Hugo

Overview

Hugo is a very popular open source website publishing system. Pages in Hugo websites are typically written in plain markdown, so don’t have a straightforward way to automatically and reproducibly incorporate computational output.

Using the Quarto hugo format, you can incorporate computational output (e.g. R or Python code that produces plots) into Hugo websites. This article explains how.

Creating a Page

Hugo articles and posts that use Quarto should live in their own directory (taking advantage of the Hugo Page Bundles feature). This allows any content generated/referenced by the page (e.g. plot output) to live right alongside the markdown source.

To create a new page that uses Quarto:

  1. Create a new directory at the location in your site’s content directory where you want the article to live.

  2. Add a markdown file to that directory (usually with the same name as the directory). This file should use the .qmd extension (to prevent Hugo from rendering it).

  3. Add the requisite Hugo metadata to the document’s front matter, then also specify format: hugo and any other required Quarto options.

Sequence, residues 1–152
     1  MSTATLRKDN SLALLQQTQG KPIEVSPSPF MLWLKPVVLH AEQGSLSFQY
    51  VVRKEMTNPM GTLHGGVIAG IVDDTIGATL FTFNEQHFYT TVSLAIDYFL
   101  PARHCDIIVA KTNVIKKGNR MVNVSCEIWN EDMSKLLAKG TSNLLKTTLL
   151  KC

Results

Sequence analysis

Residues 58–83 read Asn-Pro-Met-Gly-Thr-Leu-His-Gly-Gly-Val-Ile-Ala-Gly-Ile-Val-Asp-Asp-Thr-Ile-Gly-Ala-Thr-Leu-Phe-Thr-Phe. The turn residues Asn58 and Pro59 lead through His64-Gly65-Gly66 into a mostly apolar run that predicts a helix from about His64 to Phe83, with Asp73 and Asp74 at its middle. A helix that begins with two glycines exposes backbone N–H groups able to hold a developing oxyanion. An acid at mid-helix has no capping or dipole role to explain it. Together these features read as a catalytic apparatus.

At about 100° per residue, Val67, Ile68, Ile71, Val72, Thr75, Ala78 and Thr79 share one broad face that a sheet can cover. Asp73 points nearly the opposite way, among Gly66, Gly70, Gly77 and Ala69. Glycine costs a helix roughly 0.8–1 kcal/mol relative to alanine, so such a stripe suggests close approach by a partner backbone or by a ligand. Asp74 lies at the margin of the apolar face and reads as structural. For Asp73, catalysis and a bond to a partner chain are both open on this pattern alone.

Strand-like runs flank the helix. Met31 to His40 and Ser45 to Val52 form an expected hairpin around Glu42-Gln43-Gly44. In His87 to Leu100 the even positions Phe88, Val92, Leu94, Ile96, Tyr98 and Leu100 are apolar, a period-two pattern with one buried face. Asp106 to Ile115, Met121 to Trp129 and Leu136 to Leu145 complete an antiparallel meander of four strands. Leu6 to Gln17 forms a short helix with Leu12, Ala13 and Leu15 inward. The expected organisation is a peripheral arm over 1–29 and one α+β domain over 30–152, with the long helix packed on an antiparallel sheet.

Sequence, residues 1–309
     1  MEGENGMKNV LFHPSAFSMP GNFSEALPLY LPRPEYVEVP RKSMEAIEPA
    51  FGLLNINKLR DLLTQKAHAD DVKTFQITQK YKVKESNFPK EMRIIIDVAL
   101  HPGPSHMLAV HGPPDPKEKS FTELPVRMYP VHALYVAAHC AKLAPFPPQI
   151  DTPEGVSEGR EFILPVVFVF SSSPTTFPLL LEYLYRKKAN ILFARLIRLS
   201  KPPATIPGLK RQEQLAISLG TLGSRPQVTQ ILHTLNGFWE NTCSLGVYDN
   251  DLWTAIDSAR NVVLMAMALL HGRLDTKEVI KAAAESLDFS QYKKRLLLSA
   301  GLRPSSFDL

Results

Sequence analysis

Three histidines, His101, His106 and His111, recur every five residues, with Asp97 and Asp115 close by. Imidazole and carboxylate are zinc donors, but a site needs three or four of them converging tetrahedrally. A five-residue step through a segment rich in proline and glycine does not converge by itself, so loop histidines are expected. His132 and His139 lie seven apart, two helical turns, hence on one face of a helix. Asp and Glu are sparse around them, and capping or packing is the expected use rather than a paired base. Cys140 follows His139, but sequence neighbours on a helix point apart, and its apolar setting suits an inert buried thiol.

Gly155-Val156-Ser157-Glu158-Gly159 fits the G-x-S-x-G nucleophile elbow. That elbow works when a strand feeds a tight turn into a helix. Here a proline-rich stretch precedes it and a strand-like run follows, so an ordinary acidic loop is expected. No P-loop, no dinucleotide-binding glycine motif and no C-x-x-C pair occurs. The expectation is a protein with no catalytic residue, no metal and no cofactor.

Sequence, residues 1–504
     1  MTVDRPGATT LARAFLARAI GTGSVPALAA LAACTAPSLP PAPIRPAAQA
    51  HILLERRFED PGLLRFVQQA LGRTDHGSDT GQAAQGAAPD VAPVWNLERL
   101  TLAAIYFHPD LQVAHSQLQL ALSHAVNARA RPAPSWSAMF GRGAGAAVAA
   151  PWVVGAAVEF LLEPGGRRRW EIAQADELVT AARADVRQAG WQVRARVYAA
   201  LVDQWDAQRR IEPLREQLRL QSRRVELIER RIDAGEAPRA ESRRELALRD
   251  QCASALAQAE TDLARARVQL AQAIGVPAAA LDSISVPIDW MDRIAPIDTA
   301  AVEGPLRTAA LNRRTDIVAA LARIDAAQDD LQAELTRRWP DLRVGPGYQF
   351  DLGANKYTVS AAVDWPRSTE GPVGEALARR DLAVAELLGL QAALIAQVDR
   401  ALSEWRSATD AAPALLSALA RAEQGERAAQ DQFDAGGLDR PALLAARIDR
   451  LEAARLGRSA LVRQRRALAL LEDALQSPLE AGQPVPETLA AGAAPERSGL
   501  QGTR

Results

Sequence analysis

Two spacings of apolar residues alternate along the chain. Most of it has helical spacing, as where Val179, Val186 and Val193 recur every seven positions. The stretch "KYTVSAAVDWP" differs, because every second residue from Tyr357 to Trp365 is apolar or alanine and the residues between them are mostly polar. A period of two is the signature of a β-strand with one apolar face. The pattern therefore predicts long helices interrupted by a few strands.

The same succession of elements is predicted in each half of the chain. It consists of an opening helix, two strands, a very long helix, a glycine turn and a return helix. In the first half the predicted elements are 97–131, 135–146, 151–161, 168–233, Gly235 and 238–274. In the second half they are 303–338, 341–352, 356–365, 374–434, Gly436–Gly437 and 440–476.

For example, let’s say we wanted to create a new article named hello-quarto within the content directory. The filesystem would look like this:

mysite/
  content/
    hello-quarto/
      hello-quarto.qmd

Here’s what the source code hello-quarto.qmd might look like:

---
title: Hello, Quarto
format: hugo
jupyter: python3
---

## Polar Axis

For a demonstration of a line plot on a polar axis, see @fig-polar.

```{python}
#| label: fig-polar
#| fig-cap: "A line plot on a polar axis"

import numpy as np
import matplotlib.pyplot as plt

r = np.arange(0, 2, 0.01)
theta = 2 * np.pi * r
fig, ax = plt.subplots(subplot_kw={'projection': 'polar'})
ax.plot(theta, r)
ax.set_rticks([0.5, 1, 1.5, 2])
ax.grid(True)
plt.show()
```

Workflow

Generating pages for Hugo requires just a simple Quarto render:

quarto render hello-quarto.qmd

Whenever your render the hello-quarto.qmd file, Quarto will execute the code in the file (writing any generated plots, etc. into the article’s directory) and then generate an index.md file that is subsequently processed by Hugo.

If you are running the hugo server command for live preview, you will see the updated version of your page whenever you render.

Note that the index.md file is only updated when you explicitly render with Quarto. Running the hugo command to build your site just renders the index.md file — if you want to regenerate this file based on updated code or data you need to explicitly quarto render it.